The COVID-19 lockdown resulted in improved air quality in many cities across the world. With the objective of what could be the new learning from the COVID-19 pandemic and subsequent lockdowns for better air quality and human health, a critical synthesis of the available evidence concerning air pollution reduction, the population at risk and natural versus anthropogenic emissions was conducted. Can the new societal norms adopted during pandemics, such as the use of face cover, awareness regarding respiratory hand hygiene, and physical distancing, help in reducing disease burden in the future? The use of masks will be more socially acceptable during the high air pollution episodes in lower and middle-income countries, which could help to reduce air pollution exposure. Although post-pandemic, some air pollution reduction strategies may be affected, such as car-pooling and the use of mass transit systems for commuting to avoid exposure to airborne infections like coronavirus. However, promoting non-motorized modes of transportation such as cycling and walking within cities as currently being enabled in Europe and other countries could overshadow such losses. This demand focus on increasing walkability in a town for all ages and populations, including for a differently-abled community. The study highlighted that for better health and sustainability there. is also a need to promote other measures such as work-from-home, technological infrastructure, the extension of smart cities, and the use of information technology.


Subject(s)
Air Pollutants , Air Pollution , COVID-19 , Air Pollutants/analysis , Air Pollution/analysis , Air Pollution/prevention & control , Cities , Communicable Disease Control , Humans , Pandemics/prevention & control , Particulate Matter/analysis , SARS-CoV-2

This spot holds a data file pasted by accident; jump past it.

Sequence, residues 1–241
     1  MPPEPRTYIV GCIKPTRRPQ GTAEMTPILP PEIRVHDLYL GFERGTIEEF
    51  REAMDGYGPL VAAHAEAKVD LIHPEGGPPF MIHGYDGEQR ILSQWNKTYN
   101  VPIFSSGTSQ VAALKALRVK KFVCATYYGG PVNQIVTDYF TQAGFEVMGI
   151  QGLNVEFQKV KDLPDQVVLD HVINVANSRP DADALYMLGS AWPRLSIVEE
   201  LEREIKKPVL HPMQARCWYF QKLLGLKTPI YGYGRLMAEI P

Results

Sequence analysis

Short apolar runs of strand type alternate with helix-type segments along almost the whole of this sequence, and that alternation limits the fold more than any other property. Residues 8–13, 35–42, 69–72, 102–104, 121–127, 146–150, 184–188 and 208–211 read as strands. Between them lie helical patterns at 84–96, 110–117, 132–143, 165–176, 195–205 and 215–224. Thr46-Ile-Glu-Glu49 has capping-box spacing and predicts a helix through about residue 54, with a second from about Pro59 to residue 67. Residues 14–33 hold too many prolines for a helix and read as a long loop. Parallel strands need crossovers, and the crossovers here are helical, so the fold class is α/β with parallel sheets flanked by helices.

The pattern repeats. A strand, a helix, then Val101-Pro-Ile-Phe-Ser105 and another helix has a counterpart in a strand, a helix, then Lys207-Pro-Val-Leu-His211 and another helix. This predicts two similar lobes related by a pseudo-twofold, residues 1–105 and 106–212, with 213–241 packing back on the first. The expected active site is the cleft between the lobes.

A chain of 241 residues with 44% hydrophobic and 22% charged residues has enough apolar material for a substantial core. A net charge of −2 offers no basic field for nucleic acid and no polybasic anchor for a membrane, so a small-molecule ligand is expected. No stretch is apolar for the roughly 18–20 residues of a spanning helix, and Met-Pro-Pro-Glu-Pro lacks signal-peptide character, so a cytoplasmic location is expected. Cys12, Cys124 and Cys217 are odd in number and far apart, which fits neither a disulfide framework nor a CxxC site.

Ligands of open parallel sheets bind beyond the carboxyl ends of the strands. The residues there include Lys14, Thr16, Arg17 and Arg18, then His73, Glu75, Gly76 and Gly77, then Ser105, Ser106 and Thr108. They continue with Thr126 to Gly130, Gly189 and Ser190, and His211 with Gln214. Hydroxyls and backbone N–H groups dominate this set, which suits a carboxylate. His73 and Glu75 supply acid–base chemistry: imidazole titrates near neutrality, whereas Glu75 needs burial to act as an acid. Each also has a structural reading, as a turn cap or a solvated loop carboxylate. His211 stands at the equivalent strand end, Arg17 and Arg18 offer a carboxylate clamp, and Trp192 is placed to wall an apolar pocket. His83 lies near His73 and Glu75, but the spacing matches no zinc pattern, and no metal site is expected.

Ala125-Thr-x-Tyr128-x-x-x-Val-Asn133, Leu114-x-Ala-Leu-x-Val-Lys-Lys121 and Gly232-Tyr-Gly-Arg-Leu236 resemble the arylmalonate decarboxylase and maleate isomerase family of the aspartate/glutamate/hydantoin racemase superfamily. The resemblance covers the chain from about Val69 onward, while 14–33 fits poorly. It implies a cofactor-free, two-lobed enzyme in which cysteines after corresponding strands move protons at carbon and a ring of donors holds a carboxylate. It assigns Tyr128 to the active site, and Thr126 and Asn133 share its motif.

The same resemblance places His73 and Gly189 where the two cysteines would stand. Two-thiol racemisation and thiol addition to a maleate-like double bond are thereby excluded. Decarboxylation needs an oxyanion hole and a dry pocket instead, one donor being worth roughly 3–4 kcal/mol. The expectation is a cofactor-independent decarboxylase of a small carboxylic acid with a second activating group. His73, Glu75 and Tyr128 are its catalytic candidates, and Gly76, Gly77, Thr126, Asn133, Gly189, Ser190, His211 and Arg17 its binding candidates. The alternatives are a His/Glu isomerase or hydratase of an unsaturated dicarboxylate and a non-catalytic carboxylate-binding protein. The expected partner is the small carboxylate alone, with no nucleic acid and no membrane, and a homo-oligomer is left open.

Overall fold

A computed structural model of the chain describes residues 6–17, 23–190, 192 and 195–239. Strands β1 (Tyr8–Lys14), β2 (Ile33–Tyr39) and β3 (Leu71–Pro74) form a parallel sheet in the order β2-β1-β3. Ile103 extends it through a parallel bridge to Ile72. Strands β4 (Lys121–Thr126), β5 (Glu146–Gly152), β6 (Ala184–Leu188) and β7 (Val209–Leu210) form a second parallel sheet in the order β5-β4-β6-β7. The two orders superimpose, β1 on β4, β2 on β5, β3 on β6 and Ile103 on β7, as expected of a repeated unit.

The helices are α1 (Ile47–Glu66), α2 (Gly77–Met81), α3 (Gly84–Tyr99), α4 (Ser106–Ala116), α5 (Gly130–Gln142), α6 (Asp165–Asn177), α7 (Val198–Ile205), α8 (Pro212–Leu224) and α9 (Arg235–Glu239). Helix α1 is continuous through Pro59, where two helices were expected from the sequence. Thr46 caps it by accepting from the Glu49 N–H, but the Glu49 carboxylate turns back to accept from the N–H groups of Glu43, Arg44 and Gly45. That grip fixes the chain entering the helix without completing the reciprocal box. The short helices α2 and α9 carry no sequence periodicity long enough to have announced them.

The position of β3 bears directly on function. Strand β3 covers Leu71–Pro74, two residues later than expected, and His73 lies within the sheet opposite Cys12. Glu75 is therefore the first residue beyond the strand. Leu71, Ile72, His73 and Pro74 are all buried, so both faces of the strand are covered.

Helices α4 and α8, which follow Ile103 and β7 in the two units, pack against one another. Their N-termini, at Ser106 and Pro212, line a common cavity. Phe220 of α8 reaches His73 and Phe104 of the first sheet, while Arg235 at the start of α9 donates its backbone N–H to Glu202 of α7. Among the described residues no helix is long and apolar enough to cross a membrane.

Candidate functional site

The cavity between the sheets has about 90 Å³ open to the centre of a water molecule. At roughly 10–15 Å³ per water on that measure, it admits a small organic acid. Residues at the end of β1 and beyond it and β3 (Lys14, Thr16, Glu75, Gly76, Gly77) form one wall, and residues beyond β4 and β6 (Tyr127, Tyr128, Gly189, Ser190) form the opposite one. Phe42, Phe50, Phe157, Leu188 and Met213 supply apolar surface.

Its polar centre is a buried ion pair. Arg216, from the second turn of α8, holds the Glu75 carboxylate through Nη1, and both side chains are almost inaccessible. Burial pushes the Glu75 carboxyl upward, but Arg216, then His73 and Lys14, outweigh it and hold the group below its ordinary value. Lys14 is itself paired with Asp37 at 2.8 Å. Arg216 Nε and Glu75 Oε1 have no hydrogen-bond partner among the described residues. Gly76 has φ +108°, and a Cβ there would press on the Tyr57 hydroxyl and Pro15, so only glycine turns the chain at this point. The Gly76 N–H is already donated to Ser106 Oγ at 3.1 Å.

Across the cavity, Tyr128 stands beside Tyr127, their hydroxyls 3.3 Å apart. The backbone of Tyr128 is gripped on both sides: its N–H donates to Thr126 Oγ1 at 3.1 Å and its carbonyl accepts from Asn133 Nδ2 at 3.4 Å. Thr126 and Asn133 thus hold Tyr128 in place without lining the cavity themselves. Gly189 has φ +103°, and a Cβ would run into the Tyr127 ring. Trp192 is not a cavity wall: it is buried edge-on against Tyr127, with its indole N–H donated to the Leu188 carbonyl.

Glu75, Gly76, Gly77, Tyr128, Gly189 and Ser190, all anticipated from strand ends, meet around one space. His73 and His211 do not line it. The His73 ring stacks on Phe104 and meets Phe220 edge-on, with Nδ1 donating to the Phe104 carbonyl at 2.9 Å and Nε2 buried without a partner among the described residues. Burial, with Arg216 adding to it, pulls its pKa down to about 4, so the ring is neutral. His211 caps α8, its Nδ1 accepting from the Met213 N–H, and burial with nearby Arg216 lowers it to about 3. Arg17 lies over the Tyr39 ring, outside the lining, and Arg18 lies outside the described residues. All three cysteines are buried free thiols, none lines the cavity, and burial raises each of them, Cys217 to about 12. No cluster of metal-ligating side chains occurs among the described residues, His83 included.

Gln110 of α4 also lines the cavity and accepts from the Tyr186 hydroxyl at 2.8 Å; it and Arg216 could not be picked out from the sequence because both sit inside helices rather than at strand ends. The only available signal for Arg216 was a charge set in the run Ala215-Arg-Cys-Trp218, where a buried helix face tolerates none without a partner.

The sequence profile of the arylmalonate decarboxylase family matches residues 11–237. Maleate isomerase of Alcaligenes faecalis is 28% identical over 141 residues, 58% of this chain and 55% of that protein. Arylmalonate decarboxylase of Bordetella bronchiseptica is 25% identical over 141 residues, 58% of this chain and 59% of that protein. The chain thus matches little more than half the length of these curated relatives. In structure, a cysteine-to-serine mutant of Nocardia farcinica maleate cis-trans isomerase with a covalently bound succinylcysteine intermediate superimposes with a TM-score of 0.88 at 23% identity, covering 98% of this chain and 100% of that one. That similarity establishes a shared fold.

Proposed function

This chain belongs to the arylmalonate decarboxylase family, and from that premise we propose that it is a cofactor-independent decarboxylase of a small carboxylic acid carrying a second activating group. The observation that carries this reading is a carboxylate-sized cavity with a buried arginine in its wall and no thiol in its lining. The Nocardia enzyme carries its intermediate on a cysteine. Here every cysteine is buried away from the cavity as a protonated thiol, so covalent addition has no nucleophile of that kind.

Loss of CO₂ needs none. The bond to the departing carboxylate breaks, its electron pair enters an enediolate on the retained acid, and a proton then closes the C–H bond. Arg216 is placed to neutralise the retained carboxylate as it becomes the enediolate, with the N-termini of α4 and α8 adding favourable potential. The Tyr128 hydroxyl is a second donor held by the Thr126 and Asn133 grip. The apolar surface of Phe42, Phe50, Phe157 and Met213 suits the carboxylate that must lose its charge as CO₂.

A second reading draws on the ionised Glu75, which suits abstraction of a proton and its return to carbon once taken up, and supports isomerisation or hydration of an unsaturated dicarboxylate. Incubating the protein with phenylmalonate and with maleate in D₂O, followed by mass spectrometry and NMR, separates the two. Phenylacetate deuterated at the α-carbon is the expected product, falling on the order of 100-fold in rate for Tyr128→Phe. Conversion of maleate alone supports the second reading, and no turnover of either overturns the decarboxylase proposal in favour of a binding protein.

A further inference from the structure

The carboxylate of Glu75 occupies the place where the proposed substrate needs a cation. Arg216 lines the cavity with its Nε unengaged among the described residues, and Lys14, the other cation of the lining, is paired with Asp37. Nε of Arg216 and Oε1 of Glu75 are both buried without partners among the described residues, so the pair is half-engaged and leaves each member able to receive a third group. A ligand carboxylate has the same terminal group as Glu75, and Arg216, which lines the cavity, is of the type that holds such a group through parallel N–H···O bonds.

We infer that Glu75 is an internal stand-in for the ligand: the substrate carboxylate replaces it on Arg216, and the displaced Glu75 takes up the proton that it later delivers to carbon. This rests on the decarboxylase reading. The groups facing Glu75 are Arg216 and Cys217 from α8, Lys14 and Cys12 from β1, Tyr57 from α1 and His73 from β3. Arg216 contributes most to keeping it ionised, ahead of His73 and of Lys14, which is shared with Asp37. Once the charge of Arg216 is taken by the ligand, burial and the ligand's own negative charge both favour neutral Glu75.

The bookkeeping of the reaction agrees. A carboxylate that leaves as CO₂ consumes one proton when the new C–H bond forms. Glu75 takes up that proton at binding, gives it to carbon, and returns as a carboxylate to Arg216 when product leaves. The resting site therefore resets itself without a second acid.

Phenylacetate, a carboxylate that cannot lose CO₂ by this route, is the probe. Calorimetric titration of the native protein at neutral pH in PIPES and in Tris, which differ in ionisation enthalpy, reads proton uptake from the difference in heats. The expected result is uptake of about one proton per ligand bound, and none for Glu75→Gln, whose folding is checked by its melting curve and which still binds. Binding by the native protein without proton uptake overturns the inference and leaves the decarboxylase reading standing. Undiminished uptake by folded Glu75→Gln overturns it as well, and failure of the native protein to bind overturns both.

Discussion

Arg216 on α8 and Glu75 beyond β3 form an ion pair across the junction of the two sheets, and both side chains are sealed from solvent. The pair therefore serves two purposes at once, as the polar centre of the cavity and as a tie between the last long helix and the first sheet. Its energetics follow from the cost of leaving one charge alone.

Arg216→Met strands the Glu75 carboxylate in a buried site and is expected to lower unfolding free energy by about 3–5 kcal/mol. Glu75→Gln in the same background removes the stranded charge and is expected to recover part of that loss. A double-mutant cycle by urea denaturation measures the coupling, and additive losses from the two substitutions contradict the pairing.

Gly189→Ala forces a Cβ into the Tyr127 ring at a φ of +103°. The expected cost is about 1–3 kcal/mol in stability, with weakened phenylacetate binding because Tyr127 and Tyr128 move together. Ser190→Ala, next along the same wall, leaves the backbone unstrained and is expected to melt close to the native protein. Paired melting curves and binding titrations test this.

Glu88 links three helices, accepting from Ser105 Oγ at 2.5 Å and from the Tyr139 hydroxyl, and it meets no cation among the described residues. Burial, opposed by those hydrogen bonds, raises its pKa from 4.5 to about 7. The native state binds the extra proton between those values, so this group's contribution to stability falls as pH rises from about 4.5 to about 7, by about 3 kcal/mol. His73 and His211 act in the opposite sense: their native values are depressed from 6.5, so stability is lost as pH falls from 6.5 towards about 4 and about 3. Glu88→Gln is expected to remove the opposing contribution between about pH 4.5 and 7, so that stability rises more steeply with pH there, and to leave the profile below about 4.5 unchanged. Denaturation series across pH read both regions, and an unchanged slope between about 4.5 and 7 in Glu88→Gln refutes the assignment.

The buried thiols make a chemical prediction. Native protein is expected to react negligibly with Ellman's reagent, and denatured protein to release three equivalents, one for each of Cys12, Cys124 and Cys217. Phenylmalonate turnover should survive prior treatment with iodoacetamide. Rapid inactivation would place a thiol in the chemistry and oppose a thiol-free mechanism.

9.
Science ; 374(6570): 995-999, 2021 Nov 19.
Article in English | MEDLINE | ID: covidwho-1526449

ABSTRACT

Delhi, the national capital of India, experienced multiple severe acute respiratory syndrome coronavirus 2 (SARS-CoV-2) outbreaks in 2020 and reached population seropositivity of >50% by 2021. During April 2021, the city became overwhelmed by COVID-19 cases and fatalities, as a new variant, B.1.617.2 (Delta), replaced B.1.1.7 (Alpha). A Bayesian model explains the growth advantage of Delta through a combination of increased transmissibility and reduced sensitivity to immune responses generated against earlier variants (median estimates: 1.5-fold greater transmissibility and 20% reduction in sensitivity). Seropositivity of an employee and family cohort increased from 42% to 87.5% between March and July 2021, with 27% reinfections, as judged by increased antibody concentration after a previous decline. The likely high transmissibility and partial evasion of immunity by the Delta variant contributed to an overwhelming surge in Delhi.


Subject(s)
COVID-19/epidemiology , COVID-19/virology , Genome, Viral , Adolescent , Adult , COVID-19/immunology , COVID-19/transmission , Child , Humans , Immune Evasion , India/epidemiology , Molecular Epidemiology , Phylogeny , Reinfection , Seroepidemiologic Studies , Young Adult
12.
Nature ; 599(7883): 114-119, 2021 11.
Article in English | MEDLINE | ID: covidwho-1392870

ABSTRACT

The B.1.617.2 (Delta) variant of severe acute respiratory syndrome coronavirus 2 (SARS-CoV-2) was first identified in the state of Maharashtra in late 2020 and spread throughout India, outcompeting pre-existing lineages including B.1.617.1 (Kappa) and B.1.1.7 (Alpha)1. In vitro, B.1.617.2 is sixfold less sensitive to serum neutralizing antibodies from recovered individuals, and eightfold less sensitive to vaccine-elicited antibodies, compared with wild-type Wuhan-1 bearing D614G. Serum neutralizing titres against B.1.617.2 were lower in ChAdOx1 vaccinees than in BNT162b2 vaccinees. B.1.617.2 spike pseudotyped viruses exhibited compromised sensitivity to monoclonal antibodies to the receptor-binding domain and the amino-terminal domain. B.1.617.2 demonstrated higher replication efficiency than B.1.1.7 in both airway organoid and human airway epithelial systems, associated with B.1.617.2 spike being in a predominantly cleaved state compared with B.1.1.7 spike. The B.1.617.2 spike protein was able to mediate highly efficient syncytium formation that was less sensitive to inhibition by neutralizing antibody, compared with that of wild-type spike. We also observed that B.1.617.2 had higher replication and spike-mediated entry than B.1.617.1, potentially explaining the B.1.617.2 dominance. In an analysis of more than 130 SARS-CoV-2-infected health care workers across three centres in India during a period of mixed lineage circulation, we observed reduced ChAdOx1 vaccine effectiveness against B.1.617.2 relative to non-B.1.617.2, with the caveat of possible residual confounding. Compromised vaccine efficacy against the highly fit and immune-evasive B.1.617.2 Delta variant warrants continued infection control measures in the post-vaccination era.